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Navigating our way out of this pandemic was never going to be easy and each aspect of our way of life has to be treated differently in order to get things moving again, in the safest way possible.
With regards to sporting events and activities, Illinois Governor J.B. Pritzker has moved forward to offer some encouraging news for Illinois’ young population.
The state is currently in phase 4 of the ‘Restore Illinois’ plan and in line with this, the state has announced that it will now allow the attendance of spectators in some sports, as well as the reopening of recreational sports centers and venues.
Initially, this is going to only include a maximum of 20% seating capacity for fans, with groups of no more than 50 people. These facilities will be able to open up to a maximum of 50% although there are varying rules depending on what the sport is.
Sports have been ranked based on risk levels and rules have been defined based on the level of risk, broken down into 4 tiers of separate guidelines.
These guidelines recommend distance, number of people playing and level of contact. Whilst some of the restrictions are tough and will alter the way that sports are played, Illinois’ young population are unlikely to be concerned and will no doubt look forward to getting active again.
The restrictions for each level of sport is as follows:
Level 1 – No-contact practices and only training allowed
Level 2 – Intra-team scrimmage allowed, no competitive play and parents must attend with minors
Level 3 – Intra-conference or intra-league play/meets only; state – or league-championship game/meet allowed for low-risk sports only
Level 4 – Any tournaments or out-of-conference/league play allowed, multi-team meets and out-of-state play permitted, championship games are also allowed
Information and specifics on sports and where they have been ranked in terms of risk can be found on the Illinois Department of Commerce and Economic Opportunity website.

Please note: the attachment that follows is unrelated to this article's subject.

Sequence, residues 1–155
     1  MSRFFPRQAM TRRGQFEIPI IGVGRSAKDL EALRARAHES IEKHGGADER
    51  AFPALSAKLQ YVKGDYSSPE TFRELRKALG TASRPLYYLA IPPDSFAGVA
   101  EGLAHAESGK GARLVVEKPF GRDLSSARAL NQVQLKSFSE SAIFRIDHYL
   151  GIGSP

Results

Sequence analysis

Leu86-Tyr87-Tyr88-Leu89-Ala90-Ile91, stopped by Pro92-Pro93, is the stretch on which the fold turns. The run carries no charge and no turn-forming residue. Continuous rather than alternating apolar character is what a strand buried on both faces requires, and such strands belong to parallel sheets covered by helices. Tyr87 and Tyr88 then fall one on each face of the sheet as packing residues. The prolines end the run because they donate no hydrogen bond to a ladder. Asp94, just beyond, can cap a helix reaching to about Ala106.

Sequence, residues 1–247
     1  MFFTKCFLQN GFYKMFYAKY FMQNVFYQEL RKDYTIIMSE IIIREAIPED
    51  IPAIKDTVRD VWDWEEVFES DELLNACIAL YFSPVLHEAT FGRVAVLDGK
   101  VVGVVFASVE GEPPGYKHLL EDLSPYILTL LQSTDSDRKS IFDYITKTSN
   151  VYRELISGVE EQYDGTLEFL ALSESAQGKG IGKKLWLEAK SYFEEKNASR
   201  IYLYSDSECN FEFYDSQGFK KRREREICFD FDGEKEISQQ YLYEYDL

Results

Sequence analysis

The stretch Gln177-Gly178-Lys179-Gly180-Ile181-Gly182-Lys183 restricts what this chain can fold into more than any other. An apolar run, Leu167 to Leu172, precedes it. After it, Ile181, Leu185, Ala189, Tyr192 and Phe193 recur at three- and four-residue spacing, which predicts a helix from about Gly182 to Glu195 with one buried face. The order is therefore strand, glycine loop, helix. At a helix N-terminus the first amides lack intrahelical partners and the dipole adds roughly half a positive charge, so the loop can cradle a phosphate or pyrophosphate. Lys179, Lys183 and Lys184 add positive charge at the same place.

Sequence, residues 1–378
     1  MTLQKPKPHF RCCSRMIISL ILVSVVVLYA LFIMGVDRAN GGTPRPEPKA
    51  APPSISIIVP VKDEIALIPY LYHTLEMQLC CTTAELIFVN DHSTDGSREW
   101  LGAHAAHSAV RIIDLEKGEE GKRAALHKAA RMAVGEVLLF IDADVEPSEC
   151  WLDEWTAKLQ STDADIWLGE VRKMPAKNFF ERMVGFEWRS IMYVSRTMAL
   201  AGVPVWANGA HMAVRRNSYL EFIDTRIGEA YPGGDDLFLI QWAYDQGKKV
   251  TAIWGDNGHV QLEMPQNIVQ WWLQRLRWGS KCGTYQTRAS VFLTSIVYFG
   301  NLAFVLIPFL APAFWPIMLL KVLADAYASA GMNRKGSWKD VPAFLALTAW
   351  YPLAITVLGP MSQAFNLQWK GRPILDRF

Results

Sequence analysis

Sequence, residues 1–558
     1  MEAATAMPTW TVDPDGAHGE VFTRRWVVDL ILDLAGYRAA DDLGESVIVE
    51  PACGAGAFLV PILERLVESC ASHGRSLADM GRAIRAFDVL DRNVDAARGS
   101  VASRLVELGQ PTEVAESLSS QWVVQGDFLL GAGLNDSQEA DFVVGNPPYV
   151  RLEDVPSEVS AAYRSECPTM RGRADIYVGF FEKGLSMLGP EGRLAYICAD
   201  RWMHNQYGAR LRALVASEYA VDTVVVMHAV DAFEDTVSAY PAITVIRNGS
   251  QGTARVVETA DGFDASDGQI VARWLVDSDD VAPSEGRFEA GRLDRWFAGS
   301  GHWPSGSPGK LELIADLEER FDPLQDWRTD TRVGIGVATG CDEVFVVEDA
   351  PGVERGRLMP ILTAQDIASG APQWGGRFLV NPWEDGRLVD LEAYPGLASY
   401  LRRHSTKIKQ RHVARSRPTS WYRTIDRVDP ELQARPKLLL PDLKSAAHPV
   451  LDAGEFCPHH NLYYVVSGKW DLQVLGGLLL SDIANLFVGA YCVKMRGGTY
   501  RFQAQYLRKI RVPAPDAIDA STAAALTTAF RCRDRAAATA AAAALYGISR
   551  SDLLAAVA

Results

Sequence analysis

Speaking at last Wednesday’s press conference Gov. Pritzker touched on the tough decisions which have to be made relating to this virus:
“As much as I’d like to, this virus isn’t something that we can wish away. So we have to act responsibly and collectively to protect the people that we love”
This will of course be the toughest time for many in government who understand the need to get things moving, pick the economy back up and encourage normality to resume as best as possible, whilst avoiding a sharp spread and a regression of activities.
This decision has been taken at a tough time for Illinois as it seeks to ramp up testing and minimize the spread of the virus which has been on the rise in recent days and weeks.
It is however widely considered a positive move by the Governor to have relaxed the rules around sports for Illinois’ young population, assuming that it is done so within the guidelines.
Things are not over of course, and whilst Illinois is seeing spikes again there is a far more conscious attempt now at opening up, and accepting that we are not going to be the same as before the outbreak.
Using solutions and regulations however will help things get moving again, and this is something which we looked when discussing the acceleration of digital solutions following the pandemic and how digital health in particular will be an important aspect of the future.
It is Illinois’ young population who will be critical to our successes and our management of health in the future, and that is why we need them back into education and back playing sports, despite the risk which is presented.
Pritzker sought to enforce this point further this Wednesday reiterating the dangers to young people:
“Young people who survive COVID-19 report fatigue, breathing problems and heart issues,”
Currently, no vaccine for this virus, although as we reported back in June, Dexamethasone has shown great promise in helping patients in combating Covid-19.
There is also a great deal of promise in stem cells in treating longer-term issues such as those which Gov. Pritzker mentioned, we featured this podcast episode last month which looks deeper into this opportunity.
The point here is that there is hope, and that is exactly why we have to take small steps to get things back to some kind of normal, and encouraging Illinois’ young population to get back to the sports they love is doing exactly that.
If this pandemic and its victims have shown us anything it is that being healthy is more important than ever before, and this is why kids being encouraged to get out there and exercise through sport is a crucial aspect of the reopening plan.